A Tip for Medical Care in Bangkok
Costs for health care have been steadily rising in Thailand in recent years, and many farangs say the kingdom is no longer as good a deal as it once was. However, here's a tip for anyone facing the prospect of an expensive medical procedure: Go to Chulalongkorn Hospital.
A little over a year ago, I developed a shoulder condition that's age-related (I'm fast approaching 50). Nothing incapacitating, but there's a constant mild level of pain. Cortizone shots did not seem very effective, so I had an MRI at BNH Hospital here in Bangkok late last December. Without going into detail, I need an operation. BNH quoted Bt280,000! My insurance would cover only Bt75,000 of that, leaving me to pay Bt205,000. Yikes!
BUT, I happened to know that my doctor – one of the top shoulder specialists in Thailand – was actually based at Chula Hospital. He only sees patients two nights a week at BNH. So I made arrangements to see him at Chula. This is the SAME DOCTOR, mind you. BNH wanted Bt280,000; if I put myself into the queue for daytime surgery at Chula, the estimate is Bt87,000. That's quite a difference – Bt280,000 versus Bt87,000 – and insurance will cover a large chunk of that (probably not Bt75,000 worth like at BNH, but still). But here's the catch: The queue is a bit long, and I'll have to wait until August or September. Well, okay, this is not an emergency, and the pain is very mild, so I'm going to sweat it out and save a bundle.
If you do consider going to Chulalongkorn Hospital, be aware that it is not bright and shiny like the five-star places. It's clean enough but definitely has a bit of a Third World feel. That should not be off-putting for those of us who have spent some time here, but newer arrivals in Thailand may be averse to this. There is also the language situation. It's best if you can speak some Thai or at least take a Thai speaker with you.
Going in the evening is much better, after 4:30PM. This is because during the daytime, they accept only a certain number of patients a day, something like a few thousand, and it's first come first served. You must arrive early in the morning; you will be turned away if you are too late and the quota has been filled. And even if you're not turned away, it's a bit of a zoo. Being a teaching hospital, the doctors at Chula will usually have a group of medical students in tow, and they will all stare at you as if you were a specimen in a zoo. On the plus side, the office visit is free. The doctors are civil servants who receive a monthly salary from the government, and if you are one of the lucky ones not turned away in the daytime, there is no charge for the basic consultation. However, the overall hassle is simply not worth it for all but the cheapest of Cheap Charlies.
Using the evening after-hours clinic is much better. In a bid to stem the tide of doctors moving to private hospitals, Chula allows doctors to see patients after their normal day and charge a small fee, which is only Bt300. The evening clinic starts at 4:30PM. You can make an appointment ahead of time, and you know you will get in. But once again, this is not Bumrungrad or BNH; you may have to wait quite a bit after your appointment time, but at least it's not as crowded as in the daytime. Take a book with you.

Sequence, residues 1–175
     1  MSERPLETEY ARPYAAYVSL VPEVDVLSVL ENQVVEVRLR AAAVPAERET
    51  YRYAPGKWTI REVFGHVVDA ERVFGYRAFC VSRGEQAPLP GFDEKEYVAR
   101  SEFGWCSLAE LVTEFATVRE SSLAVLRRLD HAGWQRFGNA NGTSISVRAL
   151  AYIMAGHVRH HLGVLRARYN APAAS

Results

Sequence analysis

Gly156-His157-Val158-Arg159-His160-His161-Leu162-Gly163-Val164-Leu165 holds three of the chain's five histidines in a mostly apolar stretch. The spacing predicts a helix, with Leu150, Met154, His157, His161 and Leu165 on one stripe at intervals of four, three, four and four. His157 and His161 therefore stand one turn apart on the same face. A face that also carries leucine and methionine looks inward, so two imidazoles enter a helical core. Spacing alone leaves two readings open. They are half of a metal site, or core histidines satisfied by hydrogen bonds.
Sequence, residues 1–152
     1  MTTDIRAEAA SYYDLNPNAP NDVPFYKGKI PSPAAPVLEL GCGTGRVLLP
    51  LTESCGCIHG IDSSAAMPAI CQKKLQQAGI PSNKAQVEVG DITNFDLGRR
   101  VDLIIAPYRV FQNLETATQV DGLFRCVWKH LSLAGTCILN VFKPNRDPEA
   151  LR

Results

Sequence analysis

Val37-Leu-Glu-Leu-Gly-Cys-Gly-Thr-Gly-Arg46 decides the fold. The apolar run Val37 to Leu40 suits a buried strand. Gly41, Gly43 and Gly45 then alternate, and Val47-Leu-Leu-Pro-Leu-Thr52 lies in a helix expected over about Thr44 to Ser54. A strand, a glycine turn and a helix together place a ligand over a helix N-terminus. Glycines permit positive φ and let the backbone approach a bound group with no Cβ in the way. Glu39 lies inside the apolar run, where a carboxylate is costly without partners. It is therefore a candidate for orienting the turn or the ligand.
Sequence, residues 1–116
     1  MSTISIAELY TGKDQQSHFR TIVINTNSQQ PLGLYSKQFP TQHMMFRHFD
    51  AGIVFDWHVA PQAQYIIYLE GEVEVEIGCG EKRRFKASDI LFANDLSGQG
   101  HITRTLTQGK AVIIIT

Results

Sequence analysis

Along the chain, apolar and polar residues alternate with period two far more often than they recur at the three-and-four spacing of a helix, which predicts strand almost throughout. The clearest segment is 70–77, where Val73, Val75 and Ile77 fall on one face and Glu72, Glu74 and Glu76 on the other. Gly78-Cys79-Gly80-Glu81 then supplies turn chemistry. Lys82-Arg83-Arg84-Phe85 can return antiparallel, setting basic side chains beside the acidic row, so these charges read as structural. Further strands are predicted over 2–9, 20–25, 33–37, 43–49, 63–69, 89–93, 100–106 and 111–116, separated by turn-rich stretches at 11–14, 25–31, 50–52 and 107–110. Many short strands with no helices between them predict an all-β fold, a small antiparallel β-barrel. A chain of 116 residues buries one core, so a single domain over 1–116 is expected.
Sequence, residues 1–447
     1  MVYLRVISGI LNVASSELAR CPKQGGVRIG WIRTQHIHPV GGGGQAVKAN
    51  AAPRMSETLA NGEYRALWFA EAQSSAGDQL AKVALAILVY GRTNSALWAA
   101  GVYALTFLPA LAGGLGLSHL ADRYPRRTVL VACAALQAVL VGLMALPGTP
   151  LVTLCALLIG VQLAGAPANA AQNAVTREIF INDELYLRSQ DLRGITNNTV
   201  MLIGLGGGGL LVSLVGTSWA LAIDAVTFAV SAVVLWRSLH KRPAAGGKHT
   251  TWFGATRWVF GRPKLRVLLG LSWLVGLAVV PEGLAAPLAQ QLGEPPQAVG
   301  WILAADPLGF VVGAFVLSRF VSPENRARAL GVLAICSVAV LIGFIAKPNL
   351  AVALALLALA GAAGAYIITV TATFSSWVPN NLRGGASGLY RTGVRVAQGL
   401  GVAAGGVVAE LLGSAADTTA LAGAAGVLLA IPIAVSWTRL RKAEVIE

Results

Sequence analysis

Back to my surgery. As I said, I will have to wait until August or September. Now, there IS evening surgery at Chula, which is sort of express. It’s like the evening clinic. Since this is outside doctors' regular hours, there are extra fees involved, but if I opted for this, I could have my operation "within a month" they said. However, my estimate would then rise to Bt120,000. By waiting a few months for the daytime surgery, I save at least Bt33,000. The extra Bt33,000 would not be covered by insurance, I'd have to pay that myself, so I'll wait. And it’s not like the daytime clinic where there’s a chance of being turned away that day; I’ll have a definite date set once I get into the queue. (I will be placed in the queue after I see the doctor one more time this month.) But even if I were to opt for the evening surgery, Bt120,000 is still quite a bit less than Bt280,000. And remember: It’s THE SAME DOCTOR as at BNH.
The doctors who work in both the private hospitals and at Chula do not seem to mind if you’d rather see them at Chula. In fact, I’ve learned it’s common for local residents to do this if they are not adequately insured. In 2006, I was being treated by a throat doctor at BNH for polyps that had appeared on my vocal cords. She, too, is based at Chula. Fortunately, medication and a slight change in diet cleared that up, but for a while it looked like I might need a biopsy. I asked about seeing her at Chula if it came to that, and she said sure, no problem.
So I urge anyone facing an operation or any other serious medical procedure to check out Chulalongkorn Hospital. Although a public hospital, it enjoys a special status, so they try to keep standards up. Many of the doctors in the five-star facilities, such as my doctor, are actually based there. If you are interested in saving some money on health care while still receiving good quality and even seeing the same doctor you may see anyway at your private hospital, especially if surgery is going to be involved, then I can recommend Chulalongkorn.
Really excellent information. Medical care is not as cheap as it once was and not all of us are earning a shopping amount so tips like this can make a very big difference.